My daughter’s new landlord must’ve “paid an arm and a leg” to repair the a/c. Besides it being an emergency repair with a new servicer, the necessary part had to be Fed Exed from out of state, and a crane was hired to haul the a/c from atop the apartment building so that it could be fixed on the ground and then put back in place. Added to that, the servicer had to repair the indoor unit which had been leaking the freeon. Why the a/c was installed atop the three-story building in the first place is unknown to us. I guess things were done differently in the 70s. But it was while my daughter and I were waiting for the a/c to be fixed that we got food poisoning. After that, everything else  became “background music.”

A Bed Bath and Beyond store in a shopping cent...

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How did we manage to contract salmonella, you ask? Well on one of our outings to Bed, Bath and Beyond to secure new pillows and their corresponding bedbug resistant covers, we stopped to buy a few groceries on the way home. Remember, the temperatures were in the mid-90s. Deciding to eat a light, healthy lunch, we opted for a veggie platter. Not realizing that the included dip was probably turning rancid as we drove another 20 minutes home, we proceeded to chow down once there. With floor fans set to their highest levels, we munched away feeling the cool blasts on our faces and bodies. Mind you, the indoor temperature over the next several hours was also in the mid-90s. It’s my belief that we were ignorant to the fact that salmonella was probably making its way into our digestive tracts. My daughter’s case may have been slightly more severe since she also feasted on a dessert of chocolate pudding pie. Something we’d picked up from a nearby restaurant the day before, which served up real southern cooking, a haven for high cholesterol foods.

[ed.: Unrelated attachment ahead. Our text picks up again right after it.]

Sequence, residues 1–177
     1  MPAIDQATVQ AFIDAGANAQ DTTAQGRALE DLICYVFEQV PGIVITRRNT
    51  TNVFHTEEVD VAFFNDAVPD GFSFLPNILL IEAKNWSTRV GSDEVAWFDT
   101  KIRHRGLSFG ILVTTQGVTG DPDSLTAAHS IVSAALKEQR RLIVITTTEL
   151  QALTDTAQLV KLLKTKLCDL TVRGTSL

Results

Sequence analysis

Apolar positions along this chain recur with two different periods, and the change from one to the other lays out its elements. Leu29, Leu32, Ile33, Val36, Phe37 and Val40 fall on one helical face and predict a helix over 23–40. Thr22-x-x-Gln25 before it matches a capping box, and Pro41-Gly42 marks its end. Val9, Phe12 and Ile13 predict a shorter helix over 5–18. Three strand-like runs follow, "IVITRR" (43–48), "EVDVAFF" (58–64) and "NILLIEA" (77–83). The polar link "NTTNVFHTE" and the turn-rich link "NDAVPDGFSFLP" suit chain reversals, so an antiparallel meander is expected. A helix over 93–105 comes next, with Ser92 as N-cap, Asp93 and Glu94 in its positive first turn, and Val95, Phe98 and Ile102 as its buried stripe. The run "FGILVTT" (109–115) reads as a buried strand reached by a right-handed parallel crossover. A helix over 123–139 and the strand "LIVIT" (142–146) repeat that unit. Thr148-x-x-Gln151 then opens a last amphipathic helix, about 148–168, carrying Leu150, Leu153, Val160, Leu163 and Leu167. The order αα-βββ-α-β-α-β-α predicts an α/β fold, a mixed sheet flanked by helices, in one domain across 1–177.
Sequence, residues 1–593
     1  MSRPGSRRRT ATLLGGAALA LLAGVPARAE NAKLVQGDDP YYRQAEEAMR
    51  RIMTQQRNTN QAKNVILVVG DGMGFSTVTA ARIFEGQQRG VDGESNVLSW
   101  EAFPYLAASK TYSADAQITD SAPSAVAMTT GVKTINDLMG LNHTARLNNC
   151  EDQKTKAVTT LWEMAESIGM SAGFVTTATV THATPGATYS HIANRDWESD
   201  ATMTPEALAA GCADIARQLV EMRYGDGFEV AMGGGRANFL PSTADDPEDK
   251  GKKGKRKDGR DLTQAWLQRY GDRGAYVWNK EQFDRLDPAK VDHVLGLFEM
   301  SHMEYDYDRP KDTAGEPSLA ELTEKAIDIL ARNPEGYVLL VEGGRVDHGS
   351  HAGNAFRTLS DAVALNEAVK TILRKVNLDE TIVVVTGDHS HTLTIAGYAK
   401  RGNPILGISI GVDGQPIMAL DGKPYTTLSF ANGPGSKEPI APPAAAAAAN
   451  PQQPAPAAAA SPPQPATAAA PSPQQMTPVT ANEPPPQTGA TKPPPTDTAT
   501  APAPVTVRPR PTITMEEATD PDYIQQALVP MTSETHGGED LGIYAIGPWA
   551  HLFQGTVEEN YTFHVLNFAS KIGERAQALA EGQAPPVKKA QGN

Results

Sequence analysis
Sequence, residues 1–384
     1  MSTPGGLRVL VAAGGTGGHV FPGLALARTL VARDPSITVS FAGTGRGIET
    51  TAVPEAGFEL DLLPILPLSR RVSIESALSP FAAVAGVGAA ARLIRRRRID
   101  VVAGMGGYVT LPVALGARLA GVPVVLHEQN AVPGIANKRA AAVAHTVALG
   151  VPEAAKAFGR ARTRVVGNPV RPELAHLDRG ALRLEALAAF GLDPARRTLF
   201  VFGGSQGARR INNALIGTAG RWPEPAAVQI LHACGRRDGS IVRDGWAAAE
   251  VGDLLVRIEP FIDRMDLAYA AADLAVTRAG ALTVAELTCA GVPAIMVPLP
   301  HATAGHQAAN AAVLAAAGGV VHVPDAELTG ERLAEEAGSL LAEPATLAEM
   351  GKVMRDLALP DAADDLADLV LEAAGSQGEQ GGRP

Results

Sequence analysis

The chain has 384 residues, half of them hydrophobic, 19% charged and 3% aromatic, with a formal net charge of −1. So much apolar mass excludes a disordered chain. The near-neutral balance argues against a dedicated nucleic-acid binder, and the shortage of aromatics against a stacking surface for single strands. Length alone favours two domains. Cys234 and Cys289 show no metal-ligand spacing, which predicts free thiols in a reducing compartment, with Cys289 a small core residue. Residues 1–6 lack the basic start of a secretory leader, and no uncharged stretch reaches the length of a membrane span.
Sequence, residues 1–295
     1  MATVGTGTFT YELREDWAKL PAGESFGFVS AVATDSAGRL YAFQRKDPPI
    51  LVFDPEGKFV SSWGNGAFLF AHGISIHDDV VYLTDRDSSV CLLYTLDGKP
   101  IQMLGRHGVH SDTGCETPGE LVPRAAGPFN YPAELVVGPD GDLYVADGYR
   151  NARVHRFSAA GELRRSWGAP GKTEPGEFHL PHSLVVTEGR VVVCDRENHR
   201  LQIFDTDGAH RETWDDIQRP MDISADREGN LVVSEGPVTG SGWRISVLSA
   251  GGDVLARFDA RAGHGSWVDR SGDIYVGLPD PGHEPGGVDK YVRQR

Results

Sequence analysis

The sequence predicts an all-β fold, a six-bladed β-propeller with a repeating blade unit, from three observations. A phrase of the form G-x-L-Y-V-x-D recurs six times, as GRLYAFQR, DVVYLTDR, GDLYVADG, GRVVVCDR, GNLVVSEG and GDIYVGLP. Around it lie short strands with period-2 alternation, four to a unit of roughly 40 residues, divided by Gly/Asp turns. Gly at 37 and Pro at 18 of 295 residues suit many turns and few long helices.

As I mentioned before, my daughter’s recovery from food poisoning went relatively smoothely. There were no residual effects, unlike my bout. While my vomiting and diarrhea ended, the nausea, queasiness, and mild dizziness persisted. I just didn’t feel 100%. A couple of times I was overcome by tears, so frustrated that I couldn’t attack the chores with the same gusto I’d had prior to being ill. The second time was when I heard my husband’s voice on the phone asking how we were. Bawling, I told him how much I missed him and couldn’t wait for him to arrive to assume control. My brains were “fried,” I told him.